Maj. Edward Pulido learned that a soldier who loses a limb can find a new purpose: ministering to other veterans.
Posted in , Jan 20, 2014
Major Pulido, we can’t save your leg.” The surgeon’s words seemed to echo in my hospital room.
This was the fourth Army medical center I’d been transferred to since the explosion in Iraq. I’d had so many operations. Skin and bone grafts. Surgeries to repair my abdominal wounds, my left arm and hip. My shattered left leg. It wouldn’t heal. But why were the doctors giving up?
I’d gone into the military willing to sacrifice for our country, to give my life even, for a higher purpose. But I wasn’t ready for this. To be crippled at 36. I couldn’t do that to my wife, Karen, and our daughter, Kaitlin, only three. I was supposed to provide for my family, not be a burden.
That was how I’d been raised. To my parents, especially my father, there was only one honor higher than serving your family: serving your country.
Papi immigrated to the United States from Colombia. He cherished the freedoms he found here and was so proud to be an American. He’d joined the Army in 1970 and served for 30 years.
I would spit-shine Papi’s boots for my allowance. He taught me to polish them until I could see my reflection: thick, wavy hair, intense dark eyes. I looked just like him.
Saturday mornings he’d tell me stories about the Army–the camaraderie, the sacred bond between soldiers. “You never leave a man behind,” he said.
Sometimes in the news there’d be stories about vets who couldn’t get the services they required and ended up on the streets. “That’s not right,” he’d say. What was happening to me wasn’t right either.
The surgeon put his hand on my shoulder. “We’ll operate on the leg in the morning,” he said. “Before it’s too late.”
It was already too late. Life as I knew it was over. Ended by a roadside bomb six weeks earlier on a desert highway in Iraq. August 17, 2004.
I was driving an SUV in a convoy traveling to the Kirkush Military Training Base, my commanding officer in the seat next to me. This was my third deployment in my 16 years with the active-duty Army and Army Reserve.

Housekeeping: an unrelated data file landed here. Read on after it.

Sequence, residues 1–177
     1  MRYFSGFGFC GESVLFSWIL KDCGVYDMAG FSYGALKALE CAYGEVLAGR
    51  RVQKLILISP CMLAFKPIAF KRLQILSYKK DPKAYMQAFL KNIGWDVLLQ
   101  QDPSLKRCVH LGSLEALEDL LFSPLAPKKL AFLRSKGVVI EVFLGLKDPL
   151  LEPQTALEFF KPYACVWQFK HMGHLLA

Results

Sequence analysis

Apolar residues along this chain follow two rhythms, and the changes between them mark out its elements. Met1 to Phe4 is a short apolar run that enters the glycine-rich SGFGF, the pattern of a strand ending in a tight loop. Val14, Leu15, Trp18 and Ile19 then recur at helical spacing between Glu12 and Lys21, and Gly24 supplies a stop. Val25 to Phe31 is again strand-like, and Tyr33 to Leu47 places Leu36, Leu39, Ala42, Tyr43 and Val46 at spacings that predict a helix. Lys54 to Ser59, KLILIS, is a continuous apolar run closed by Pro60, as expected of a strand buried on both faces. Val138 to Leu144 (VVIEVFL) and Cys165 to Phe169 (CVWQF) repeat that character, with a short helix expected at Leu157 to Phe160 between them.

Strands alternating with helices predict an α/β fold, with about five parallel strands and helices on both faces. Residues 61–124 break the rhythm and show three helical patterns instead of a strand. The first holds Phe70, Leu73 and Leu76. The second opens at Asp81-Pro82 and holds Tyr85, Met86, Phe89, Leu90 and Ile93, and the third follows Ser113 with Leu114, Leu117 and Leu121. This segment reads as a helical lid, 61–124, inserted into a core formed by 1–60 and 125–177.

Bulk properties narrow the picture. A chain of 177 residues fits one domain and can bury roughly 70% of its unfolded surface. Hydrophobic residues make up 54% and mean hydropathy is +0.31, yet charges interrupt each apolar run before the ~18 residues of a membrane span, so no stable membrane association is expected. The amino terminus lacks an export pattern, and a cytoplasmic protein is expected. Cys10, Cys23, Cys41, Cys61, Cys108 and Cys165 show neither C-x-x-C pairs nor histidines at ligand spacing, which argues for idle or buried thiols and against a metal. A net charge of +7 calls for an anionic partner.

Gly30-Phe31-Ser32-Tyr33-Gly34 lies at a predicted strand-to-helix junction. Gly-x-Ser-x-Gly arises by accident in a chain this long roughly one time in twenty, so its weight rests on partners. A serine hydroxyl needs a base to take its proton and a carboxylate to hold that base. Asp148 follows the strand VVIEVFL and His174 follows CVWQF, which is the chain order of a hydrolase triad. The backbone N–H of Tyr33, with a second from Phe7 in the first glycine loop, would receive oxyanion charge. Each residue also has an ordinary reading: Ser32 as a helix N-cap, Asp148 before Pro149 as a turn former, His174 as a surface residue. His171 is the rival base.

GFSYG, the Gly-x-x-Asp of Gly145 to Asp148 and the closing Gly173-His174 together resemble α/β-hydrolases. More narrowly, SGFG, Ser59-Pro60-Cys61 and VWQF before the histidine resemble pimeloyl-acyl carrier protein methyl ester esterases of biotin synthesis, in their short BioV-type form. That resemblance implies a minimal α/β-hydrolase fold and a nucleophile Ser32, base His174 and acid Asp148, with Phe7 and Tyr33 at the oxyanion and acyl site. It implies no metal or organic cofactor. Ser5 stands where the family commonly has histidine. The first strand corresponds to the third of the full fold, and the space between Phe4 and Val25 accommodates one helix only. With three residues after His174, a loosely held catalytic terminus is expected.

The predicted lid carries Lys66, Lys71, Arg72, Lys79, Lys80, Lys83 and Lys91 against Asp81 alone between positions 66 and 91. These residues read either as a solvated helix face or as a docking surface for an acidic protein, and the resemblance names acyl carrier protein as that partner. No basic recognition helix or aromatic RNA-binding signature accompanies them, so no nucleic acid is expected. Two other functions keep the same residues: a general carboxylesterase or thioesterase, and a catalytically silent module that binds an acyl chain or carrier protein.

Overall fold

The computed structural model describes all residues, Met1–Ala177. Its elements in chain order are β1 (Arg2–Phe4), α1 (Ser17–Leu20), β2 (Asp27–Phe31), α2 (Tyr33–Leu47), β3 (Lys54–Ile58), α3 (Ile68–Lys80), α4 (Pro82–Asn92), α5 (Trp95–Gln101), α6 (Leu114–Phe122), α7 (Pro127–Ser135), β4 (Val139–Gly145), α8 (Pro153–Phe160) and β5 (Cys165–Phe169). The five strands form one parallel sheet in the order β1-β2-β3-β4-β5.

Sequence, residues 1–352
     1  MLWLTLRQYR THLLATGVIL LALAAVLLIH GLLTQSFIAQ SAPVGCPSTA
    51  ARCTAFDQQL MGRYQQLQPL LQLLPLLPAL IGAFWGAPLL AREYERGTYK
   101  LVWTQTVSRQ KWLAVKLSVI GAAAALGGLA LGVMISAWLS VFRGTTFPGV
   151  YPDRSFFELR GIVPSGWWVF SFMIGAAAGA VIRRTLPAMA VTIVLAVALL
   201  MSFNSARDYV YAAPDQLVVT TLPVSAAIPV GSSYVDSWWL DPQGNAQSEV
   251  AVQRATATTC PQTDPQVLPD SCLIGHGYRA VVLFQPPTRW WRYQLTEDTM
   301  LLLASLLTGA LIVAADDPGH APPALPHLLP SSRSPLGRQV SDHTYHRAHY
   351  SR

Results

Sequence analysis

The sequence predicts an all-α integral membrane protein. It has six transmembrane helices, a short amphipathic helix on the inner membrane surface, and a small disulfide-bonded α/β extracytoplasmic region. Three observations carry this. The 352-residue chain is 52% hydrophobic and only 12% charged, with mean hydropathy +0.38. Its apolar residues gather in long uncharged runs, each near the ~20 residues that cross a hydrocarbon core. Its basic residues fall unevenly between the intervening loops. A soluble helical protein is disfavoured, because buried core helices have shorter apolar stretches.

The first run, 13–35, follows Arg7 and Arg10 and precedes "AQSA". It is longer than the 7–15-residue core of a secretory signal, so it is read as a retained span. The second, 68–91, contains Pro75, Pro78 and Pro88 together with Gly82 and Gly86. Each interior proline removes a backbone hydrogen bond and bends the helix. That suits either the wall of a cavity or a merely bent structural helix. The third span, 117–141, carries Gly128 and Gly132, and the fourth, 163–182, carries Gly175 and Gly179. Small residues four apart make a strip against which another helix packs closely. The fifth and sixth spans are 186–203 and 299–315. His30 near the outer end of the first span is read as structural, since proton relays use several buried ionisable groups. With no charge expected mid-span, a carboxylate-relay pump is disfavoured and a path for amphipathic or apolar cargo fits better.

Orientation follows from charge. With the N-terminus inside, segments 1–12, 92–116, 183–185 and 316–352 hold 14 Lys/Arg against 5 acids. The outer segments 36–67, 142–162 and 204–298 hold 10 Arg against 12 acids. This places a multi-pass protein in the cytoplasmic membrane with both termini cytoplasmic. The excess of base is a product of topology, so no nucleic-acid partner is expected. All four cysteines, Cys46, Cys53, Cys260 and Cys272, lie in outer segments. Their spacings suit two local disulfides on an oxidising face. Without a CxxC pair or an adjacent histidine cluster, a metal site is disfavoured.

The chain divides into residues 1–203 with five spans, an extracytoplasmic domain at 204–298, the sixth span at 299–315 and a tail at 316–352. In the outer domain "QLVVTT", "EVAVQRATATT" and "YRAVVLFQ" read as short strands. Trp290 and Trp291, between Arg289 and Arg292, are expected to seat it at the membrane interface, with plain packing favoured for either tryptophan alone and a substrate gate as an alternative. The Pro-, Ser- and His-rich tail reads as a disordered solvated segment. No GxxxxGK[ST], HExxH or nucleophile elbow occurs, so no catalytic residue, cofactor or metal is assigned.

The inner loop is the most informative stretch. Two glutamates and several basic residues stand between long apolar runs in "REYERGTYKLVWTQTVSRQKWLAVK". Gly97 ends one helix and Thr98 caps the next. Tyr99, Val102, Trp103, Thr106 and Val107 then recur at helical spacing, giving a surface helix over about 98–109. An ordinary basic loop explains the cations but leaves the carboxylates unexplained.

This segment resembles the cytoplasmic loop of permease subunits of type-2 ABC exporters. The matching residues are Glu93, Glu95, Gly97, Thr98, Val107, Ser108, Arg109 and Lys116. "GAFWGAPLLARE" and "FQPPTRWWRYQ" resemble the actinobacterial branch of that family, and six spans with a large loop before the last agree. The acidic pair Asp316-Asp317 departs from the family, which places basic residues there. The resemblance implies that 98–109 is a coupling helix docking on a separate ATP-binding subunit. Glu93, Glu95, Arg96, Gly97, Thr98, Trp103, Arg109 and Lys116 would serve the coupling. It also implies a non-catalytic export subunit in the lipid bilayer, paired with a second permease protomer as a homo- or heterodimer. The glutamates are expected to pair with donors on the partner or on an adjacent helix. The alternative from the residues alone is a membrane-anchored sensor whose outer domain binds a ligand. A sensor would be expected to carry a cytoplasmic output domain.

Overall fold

Back home in Oklahoma I worked for the United Way, but when duty called I answered. With pride, just as my father had. My mission was to train Iraqi soldiers, a difficult but critical job.
We were cruising through the desert on a two-lane road. I had my left hand on the steering wheel, the barrel of my M-16 pointed out the driver’s-side window. My finger on the trigger. Up ahead I saw where the edge of the asphalt looked like it had been torn. Possible IED...gotta...
BOOM! Our SUV careered forward, the hood in flames. My head banged against the roof. Shrapnel rained down, biting into my flesh. My left leg, hip and arm. My abdomen.
The air bag went off, driving shards of glass and shrapnel deep into my skin. A searing pain shot up my leg. From the waist down my body felt like it was on fire.
“You okay, man?” My CO. His voice sounded far away.
I couldn’t move. I forced my gaze down. My body was covered in blood. Bone protruded from my left knee.
I remember choking on the fumes of diesel and burning rubber. Being pulled from the wreckage. A chopper took me to the 31st Combat Hospital in Baghdad. Surgeons operated on my leg for 17 hours.
More operations followed, at military hospitals in Germany; Washington, D.C.; and now here in San Antonio, at Brooke Army Medical Center, where I’d been for the past month. Karen and Mama had stayed with me ever since I came back.
Mama was a certified nurse assistant. She’d insisted on taking care of me and no one was going to argue with her. In her own quiet way Mama was just as tough as Papi. Maybe tougher.
Every day, when the mail was delivered, she’d read me the cards that friends and colleagues had sent. Then she taped them to the wall right across from my bed. On the front of one card was a beautiful depiction of Jesus. Mama held it up for me to see.
“Look, Eddie,” she said. “Just like we have at home. We’re praying, and all these people, they’re praying for you too. Jesus is with you.” I barely heard her. I was lost in my own private hell.
Now I looked down at my body. I’d gone from a muscular 195 pounds to 118. And tomorrow they were going to amputate my leg. There’d be nothing left of me.
That night I tossed and turned, my fears metastasizing by the hour. How will I support my family? I don’t want to drag Karen down with me. I should tell her she’d be better off without me. And my little girl. Kaitlin. She’ll be afraid of me.